rjjusu:Likewise, and I’ll try to get you some stuff tomorrow Dave, after I get the proposal in the mail.
AGplusone:Okay, thank you, sir
rjjusu:Take care, and I hope to see you all Saturday.
jcgsmtop1:And I understand “Bob” now … grin
AGplusone:I’m going to wrap it up too, now … Joanne, pleasure to meet you … glad you like him. He tells me he’s decended from Petronius the Arbiter in 1970
AGplusone:Somewhere along the line a black cat crept into the bloodlines.
jcgsmtop1:Grin. Pleasure to meet you, too, Dave. I’ll be sending you my $35 and sending that form back to Tawn.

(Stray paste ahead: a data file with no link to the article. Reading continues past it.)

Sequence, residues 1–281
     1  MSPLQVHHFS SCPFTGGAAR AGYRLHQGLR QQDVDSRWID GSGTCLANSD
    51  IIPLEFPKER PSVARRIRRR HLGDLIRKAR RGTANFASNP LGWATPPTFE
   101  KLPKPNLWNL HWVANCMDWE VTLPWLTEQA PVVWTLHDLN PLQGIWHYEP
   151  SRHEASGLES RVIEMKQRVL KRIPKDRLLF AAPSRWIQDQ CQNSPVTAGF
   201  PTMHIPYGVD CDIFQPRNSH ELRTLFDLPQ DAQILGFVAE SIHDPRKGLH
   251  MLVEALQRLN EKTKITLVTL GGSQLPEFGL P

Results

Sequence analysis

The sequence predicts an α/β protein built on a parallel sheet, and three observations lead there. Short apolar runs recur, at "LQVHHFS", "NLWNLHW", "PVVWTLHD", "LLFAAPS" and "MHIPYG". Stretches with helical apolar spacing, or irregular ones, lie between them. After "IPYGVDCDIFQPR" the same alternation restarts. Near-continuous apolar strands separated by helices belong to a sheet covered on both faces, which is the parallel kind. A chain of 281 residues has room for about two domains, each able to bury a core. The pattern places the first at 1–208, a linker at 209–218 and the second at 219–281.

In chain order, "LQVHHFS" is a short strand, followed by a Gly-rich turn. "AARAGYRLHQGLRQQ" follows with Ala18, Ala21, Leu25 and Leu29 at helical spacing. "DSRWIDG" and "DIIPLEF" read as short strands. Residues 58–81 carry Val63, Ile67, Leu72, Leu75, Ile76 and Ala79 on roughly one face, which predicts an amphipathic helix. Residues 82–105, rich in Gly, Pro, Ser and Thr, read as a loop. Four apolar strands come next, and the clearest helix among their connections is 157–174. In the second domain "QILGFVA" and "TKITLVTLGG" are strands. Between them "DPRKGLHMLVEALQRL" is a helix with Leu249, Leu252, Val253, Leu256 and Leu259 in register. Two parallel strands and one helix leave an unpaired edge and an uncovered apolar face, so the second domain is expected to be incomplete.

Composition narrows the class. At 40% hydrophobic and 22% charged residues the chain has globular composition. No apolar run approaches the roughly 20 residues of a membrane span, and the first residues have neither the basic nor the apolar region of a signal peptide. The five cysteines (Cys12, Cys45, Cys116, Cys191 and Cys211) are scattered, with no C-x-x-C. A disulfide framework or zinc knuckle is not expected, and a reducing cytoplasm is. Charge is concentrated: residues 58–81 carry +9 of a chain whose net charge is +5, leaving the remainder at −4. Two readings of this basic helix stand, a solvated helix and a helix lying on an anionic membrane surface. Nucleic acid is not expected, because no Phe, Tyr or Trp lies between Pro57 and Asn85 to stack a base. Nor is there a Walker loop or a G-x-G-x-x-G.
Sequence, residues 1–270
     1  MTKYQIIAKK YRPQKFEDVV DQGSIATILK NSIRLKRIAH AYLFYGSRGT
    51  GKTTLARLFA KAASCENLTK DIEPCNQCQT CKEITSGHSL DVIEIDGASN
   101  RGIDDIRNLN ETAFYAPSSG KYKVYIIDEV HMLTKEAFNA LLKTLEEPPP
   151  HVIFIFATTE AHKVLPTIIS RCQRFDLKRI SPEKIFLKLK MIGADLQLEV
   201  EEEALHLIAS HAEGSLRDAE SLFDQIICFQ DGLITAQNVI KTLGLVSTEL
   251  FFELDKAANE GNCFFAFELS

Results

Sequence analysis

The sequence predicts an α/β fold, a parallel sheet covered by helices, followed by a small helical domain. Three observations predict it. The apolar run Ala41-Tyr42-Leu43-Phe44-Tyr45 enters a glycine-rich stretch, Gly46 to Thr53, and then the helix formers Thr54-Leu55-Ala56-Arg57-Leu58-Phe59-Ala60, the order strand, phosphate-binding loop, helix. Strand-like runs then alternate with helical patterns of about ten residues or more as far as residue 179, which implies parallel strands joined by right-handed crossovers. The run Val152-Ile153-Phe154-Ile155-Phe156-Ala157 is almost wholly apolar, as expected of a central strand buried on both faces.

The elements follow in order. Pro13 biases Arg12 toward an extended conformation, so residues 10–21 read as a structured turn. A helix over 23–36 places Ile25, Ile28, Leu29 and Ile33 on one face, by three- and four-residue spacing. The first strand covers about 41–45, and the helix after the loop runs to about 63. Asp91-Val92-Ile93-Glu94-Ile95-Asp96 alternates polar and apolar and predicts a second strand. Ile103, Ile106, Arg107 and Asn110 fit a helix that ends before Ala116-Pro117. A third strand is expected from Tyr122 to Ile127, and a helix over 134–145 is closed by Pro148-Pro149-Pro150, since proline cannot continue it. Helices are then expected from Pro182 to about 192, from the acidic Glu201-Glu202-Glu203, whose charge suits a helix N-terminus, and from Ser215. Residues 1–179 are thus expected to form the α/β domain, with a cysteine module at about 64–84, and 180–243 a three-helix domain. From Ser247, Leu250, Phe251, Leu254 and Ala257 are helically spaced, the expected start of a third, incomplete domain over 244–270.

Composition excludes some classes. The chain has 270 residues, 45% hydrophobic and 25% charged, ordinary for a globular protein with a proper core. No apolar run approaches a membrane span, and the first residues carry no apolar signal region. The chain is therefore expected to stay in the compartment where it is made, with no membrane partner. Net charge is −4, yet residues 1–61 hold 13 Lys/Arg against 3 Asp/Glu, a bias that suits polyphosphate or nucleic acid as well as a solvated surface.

AGplusone:Send it to me, please.
jcgsmtop1:The $$ and the form?
AGplusone:All to the PO box … I’ll get the form to Tawn
jcgsmtop1:Oh, and Mensa has a saying:
AGplusone:See ya, and welcome …
jcgsmtop1:”Leading Mensans is like trying to herd cats”
AGplusone:which is …
AGplusone:herding skunks is the way we put it … grin
jcgsmtop1:I’ve really enjoyed visiting with you guys tonight
AGplusone:We did Too
jcgsmtop1:I won’t be around Sat, but I have the subsequent chats listed on my calendar
AGplusone:okay, we’ll see you then … and enjoy AFH when you find it.
jcgsmtop1:And you can find me on AIM frequently .. feel free to say hi!
AGplusone:I will …. bye
jcgsmtop1 has left the room.
Log officially Closed at 12:25 PM EDT
Final End Of Discussion Log